This week RH Reality, a daily publication providing news, commentary, and analysis on reproductive health and reproductive justice issues, began a series titled Women, Incarcerated – an on-going investigation into the abuses women face in prisons and jails across the country. The series is a great reminder of why, in order to end mass incarceration and build a more humane prison system, criminal justice advocates must address women in our justice system.
While the majority of prisoners are men, women have become the fastest growing incarcerated population. Even as nationwide incarceration rates have begun to slow and even decline, the number of women in prison continues to skyrocket. Between 1980 and 2012 the number of women imprisoned in the United States increased from 25,000 to 200,000. Even here in Maine – the state with the lowest incarceration rate in the country – the number of women in prison has increased six-fold since 2002.
Rather than address complex issues like addiction, mental health and economic instability, policymakers have attempted to instead “Band-Aid” the problem through use of our criminal justice system. This misuse of our criminal justice system has had a particularly harmful impact on women. Today, 84 percent of incarcerated women are imprisoned for non-violent offenses, mostly drug offenses or crimes related to poverty. In other words, women are being punished and imprisoned for failed social policy.
Of the minority of women who are incarcerated for violent crimes, most are survivors of domestic violence or abuse who, paradoxically, are prosecuted under the very laws purporting to protect victims of violence. Take for example the case of Marissa Alexander, a domestic violence survivor and mother, who was sentenced to 20 years in prison for firing a warning shot at her husband, a man with an admitted history of violence against Alexander and other women. In New York State, 67 percent of women sent to prison for killing someone close to them had been abused by that person. In California, a similar study found that 93 percent of the women who killed their significant others had been abused by them and 67 percent of those women reported they were attempting to protect themselves or their children. Far from protecting survivors of violence, in these circumstances our criminal justice system criminalized and further victimized them.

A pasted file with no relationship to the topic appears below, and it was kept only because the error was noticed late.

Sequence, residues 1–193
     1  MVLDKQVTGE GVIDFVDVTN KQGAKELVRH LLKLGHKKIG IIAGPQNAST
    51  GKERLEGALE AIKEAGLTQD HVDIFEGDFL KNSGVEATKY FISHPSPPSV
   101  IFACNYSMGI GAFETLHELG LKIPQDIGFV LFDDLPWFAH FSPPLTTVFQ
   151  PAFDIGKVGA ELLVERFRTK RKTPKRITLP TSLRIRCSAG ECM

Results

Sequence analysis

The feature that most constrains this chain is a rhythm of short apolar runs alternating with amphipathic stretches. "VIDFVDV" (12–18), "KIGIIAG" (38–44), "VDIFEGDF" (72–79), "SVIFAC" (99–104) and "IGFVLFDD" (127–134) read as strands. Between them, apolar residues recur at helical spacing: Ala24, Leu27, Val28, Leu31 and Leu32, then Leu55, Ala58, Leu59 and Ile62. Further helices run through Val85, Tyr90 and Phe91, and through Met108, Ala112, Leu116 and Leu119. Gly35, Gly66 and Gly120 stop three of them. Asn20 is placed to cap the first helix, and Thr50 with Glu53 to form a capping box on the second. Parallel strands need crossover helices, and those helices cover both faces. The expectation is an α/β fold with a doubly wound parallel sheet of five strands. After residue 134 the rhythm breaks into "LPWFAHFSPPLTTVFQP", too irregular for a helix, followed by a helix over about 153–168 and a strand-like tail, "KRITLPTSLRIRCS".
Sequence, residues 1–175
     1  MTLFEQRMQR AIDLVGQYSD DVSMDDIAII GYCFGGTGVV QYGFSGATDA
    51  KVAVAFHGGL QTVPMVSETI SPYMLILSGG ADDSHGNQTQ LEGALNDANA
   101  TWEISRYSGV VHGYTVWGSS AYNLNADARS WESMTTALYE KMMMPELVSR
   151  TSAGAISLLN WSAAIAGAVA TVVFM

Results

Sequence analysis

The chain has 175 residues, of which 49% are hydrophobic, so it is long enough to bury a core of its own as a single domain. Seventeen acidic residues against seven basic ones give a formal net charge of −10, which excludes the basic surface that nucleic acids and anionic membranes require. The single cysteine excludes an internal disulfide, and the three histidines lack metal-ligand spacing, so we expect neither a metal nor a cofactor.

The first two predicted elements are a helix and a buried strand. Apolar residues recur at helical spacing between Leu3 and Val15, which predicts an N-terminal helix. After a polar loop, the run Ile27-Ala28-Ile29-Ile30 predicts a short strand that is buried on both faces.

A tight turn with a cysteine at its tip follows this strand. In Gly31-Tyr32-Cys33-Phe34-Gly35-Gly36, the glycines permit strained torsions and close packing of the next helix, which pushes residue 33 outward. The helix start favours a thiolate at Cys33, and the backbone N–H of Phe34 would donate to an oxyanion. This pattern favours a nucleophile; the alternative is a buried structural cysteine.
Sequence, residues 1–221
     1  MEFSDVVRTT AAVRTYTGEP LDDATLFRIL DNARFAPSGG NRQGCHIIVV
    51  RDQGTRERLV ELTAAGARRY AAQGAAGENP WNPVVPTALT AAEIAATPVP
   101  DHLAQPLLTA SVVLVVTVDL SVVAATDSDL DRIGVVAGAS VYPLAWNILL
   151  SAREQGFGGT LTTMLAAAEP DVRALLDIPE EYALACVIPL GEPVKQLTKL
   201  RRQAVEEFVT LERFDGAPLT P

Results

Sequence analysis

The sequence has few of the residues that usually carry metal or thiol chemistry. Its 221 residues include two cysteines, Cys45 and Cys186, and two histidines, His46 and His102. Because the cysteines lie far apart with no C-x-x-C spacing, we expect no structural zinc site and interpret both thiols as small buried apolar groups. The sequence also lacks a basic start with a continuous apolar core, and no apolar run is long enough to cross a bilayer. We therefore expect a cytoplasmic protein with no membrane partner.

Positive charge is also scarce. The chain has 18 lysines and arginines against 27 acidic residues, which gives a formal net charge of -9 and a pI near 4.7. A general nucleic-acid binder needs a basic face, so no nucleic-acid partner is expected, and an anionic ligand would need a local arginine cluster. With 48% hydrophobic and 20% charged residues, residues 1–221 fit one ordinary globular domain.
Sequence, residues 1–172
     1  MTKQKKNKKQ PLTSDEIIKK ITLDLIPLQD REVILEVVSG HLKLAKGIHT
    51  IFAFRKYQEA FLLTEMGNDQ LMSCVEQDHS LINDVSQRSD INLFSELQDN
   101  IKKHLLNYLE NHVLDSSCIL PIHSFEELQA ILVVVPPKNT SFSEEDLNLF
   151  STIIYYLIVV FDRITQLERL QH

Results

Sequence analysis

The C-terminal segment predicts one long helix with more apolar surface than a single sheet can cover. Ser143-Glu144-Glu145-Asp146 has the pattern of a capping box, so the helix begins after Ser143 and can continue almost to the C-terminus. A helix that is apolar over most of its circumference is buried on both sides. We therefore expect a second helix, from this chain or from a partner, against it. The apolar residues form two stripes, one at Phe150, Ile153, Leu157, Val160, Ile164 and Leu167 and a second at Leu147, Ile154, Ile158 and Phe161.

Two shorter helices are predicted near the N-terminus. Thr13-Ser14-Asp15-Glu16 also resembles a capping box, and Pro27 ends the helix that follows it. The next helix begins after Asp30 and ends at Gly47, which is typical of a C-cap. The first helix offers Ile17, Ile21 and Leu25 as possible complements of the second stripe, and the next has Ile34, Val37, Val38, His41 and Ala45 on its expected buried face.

Furthermore, while women make up just seven percent of the prisoner population, according to a report by the Bureau of Justice statistics 33 percent of victims of sexual assault perpetrated by corrections staff are women.
For women in our prison system, the conditions of confinement are particularly inhumane. A staggering 73 percent of incarcerated women have some form of mental illness and some 85-90 percent self report a history of physical and sexual abuse. The experience of incarceration can be destabilizing, re-traumatizing and re-victimizing. Medical and mental health services in prisons and jails, while guaranteed by the Eight Amendment, are minimal, often provided by private companies whose interests are primarily geared towards increasing profit margins. Solitary confinement and prolonged isolation, which has been shown to cause and exacerbate existing mental illness, has a particularly harmful impact on women.
62 percent of women in prison are mothers. Incarceration strains womens relationships with their children and often leads to termination of parental rights even just for minor crimes. As the number of women in prison has risen, so too has the number of pregnant women in prison. The conditions for pregnant women in prison are terrible. Medical care is truly minimal and nutrition often wholly inadequate. Across the country, pregnant women are also routinely shackled - during transport to and from medical facilities, during labor and post-partum recovery. Shackling pregnant women poses a huge risk to the health and safety for both the woman and her pregnancy and has been widely condemned by the medical community and corrections administrators. Shackling pregnant women has been found to violate the Eighth Amendment's prohibition on cruel and unusual punishment.
Finally, our criminal justice system is also being used increasingly as a tool to further a policy agenda - namely, lawmakers seeking to limit women's reproductive freedom have turned to criminalizing pregnancy - funneling more women into our criminal justice system who absolutely should not be there.
For criminal justice reform advocates, decreasing the number of woman going to prison and ensuring our prisons and jails are more humane places for women must be a priority. This legislative session, the ACLU of Maine has made three criminal justice reform bills - all of which will impact women - our priority. Both LD 113, a bill downgrading current criminal penalties for drug violations, and LD 951, a bill prohibiting incarceration for failure to pay fines, will significantly decrease the number of women coming in contact with the criminal justice system due to drug addiction and poverty - both significant drivers of why women in Maine are in prison and jail.
Lastly, LD 1013 will prohibit the practice of shackling pregnant women. All women, regardless of whether they are incarcerated or not, deserve basic human dignity and the right to a safe and healthy pregnancy. No woman should be shackled at any point during her pregnancy, whether it be just in transport to medical facilities, labor or during postpartum recovery. This bill - co-sponsored by every woman currently serving in the Maine legislature - will be a huge step to making Maine's prisons and jails safer and more humane places for pregnant women.